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UNC faculty committee reviews technology-assisted methods of detecting plagiarism

The system of dealing with plagiarism and the costs of technology to faculty were reviewed at the faculty executive committee meeting Monday.

The committee discussed chairwoman of the faculty Jan Boxill’s recent creation of a faculty task force, which will act as a liaison between the faculty and the student-run Honor Court.

Boxill said the task force will help professors utilize the honor system and encourage them to formally document student violations.

She said the committee hopes to implement a dispute settlement model that would encourage students, faculty and the Honor Court to resolve issues before they have to go to trial.

Joseph Ferrell, secretary of the faculty, said students and faculty shy away from using the honor system because of the severe punishments and time-consuming nature of the process.

“It shouldn’t ruin someone’s life, but get them on the right track.”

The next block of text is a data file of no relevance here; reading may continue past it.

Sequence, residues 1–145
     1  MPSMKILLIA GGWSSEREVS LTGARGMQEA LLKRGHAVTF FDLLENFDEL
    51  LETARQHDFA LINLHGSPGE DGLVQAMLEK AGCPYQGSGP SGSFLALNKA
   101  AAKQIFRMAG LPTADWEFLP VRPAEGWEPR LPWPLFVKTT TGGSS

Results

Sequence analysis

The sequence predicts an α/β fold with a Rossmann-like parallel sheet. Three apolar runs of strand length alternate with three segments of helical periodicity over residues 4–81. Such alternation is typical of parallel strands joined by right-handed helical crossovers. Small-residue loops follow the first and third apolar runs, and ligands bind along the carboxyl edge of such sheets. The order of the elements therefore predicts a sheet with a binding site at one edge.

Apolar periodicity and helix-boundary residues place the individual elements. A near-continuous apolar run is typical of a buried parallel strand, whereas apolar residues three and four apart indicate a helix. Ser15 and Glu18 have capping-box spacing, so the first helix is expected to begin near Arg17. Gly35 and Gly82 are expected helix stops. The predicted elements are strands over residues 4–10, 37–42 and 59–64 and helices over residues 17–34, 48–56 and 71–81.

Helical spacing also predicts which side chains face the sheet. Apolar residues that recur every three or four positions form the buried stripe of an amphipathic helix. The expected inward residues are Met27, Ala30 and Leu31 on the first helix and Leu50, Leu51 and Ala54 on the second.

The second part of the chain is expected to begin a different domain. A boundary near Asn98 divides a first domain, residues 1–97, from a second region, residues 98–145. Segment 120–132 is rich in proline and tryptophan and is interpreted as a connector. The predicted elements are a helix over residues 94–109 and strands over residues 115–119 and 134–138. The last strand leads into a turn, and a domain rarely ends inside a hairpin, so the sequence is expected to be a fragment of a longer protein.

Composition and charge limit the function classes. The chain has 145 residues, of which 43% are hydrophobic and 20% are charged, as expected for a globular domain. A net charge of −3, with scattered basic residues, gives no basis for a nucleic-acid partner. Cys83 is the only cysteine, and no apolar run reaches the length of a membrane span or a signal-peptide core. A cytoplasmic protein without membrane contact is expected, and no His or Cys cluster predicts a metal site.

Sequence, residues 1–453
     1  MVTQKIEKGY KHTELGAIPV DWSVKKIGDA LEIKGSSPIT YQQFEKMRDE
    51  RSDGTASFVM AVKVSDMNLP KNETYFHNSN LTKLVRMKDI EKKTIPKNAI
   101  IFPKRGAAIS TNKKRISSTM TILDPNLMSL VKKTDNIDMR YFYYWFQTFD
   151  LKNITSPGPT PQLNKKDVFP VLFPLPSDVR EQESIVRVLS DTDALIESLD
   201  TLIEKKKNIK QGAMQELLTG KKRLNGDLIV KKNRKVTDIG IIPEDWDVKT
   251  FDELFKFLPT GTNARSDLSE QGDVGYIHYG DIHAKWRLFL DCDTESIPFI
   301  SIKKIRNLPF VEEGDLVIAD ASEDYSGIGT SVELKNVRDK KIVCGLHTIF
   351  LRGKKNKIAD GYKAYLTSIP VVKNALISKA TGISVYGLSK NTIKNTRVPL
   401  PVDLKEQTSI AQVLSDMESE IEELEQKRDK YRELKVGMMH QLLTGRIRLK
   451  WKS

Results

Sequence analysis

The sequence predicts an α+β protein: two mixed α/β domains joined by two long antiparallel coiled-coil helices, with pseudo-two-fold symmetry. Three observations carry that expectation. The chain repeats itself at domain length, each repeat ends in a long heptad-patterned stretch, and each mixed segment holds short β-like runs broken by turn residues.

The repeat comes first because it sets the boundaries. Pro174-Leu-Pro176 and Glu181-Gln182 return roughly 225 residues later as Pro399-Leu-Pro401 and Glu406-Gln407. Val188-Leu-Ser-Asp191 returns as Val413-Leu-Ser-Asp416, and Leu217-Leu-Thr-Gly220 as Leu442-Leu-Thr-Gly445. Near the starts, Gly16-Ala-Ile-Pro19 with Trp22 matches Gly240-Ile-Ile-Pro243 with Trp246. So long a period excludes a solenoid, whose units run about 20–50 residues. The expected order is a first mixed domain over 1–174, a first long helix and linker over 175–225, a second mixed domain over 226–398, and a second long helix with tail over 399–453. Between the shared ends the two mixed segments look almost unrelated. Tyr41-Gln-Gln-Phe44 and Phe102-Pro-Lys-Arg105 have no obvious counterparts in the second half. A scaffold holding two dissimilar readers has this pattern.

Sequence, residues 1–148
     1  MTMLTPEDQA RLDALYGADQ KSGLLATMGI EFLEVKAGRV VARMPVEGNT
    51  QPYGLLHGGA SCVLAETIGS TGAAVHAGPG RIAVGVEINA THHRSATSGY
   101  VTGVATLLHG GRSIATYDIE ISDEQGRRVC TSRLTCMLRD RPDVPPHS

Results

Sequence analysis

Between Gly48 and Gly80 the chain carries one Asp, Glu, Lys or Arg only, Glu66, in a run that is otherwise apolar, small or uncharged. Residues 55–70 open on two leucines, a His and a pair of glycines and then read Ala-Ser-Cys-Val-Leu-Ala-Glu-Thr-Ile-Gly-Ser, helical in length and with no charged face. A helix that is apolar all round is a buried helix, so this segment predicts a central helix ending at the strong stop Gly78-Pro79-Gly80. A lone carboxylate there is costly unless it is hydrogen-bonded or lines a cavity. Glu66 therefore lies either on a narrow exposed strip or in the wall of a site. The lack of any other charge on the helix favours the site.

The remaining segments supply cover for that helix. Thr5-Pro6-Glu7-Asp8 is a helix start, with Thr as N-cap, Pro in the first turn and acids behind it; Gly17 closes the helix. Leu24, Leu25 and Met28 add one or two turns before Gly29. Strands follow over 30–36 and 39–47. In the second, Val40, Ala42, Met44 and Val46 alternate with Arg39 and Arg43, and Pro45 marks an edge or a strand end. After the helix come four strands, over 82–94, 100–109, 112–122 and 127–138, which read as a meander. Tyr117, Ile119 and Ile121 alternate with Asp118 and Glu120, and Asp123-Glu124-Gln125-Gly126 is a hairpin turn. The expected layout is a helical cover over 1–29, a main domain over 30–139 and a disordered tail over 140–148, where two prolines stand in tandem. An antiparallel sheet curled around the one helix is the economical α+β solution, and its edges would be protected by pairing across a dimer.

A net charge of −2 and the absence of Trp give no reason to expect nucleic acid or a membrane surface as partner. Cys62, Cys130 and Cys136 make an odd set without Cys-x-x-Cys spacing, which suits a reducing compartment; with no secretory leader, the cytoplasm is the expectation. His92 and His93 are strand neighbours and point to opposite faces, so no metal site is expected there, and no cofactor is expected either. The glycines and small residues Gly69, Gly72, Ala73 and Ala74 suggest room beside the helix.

Greg Copenhaver, an associate professor in the biology department, said the primary criticism of the Honor Court is that it does not levy consequences when it should.

He said most teachers would rather deal with the student on their own terms than go through the process of charging them in a formal court.

“When I came here as a junior faculty member, I was explicitly told by my adviser not to use the system because they are too lenient,” Copenhaver said.

The developing task force would research other methods of detecting plagiarism, such as Turnitin and a similar Google program, which electronically recognize plagiarism.

The committee also discussed a new funding model that would require faculty to pay for access to UNC’s online network.

Members of the faculty expressed concern about how they would be affected individually.

Steven Bachenheimer, professor of microbiology and immunology, said the old way of accounting for communication usage does not apply to present technology.

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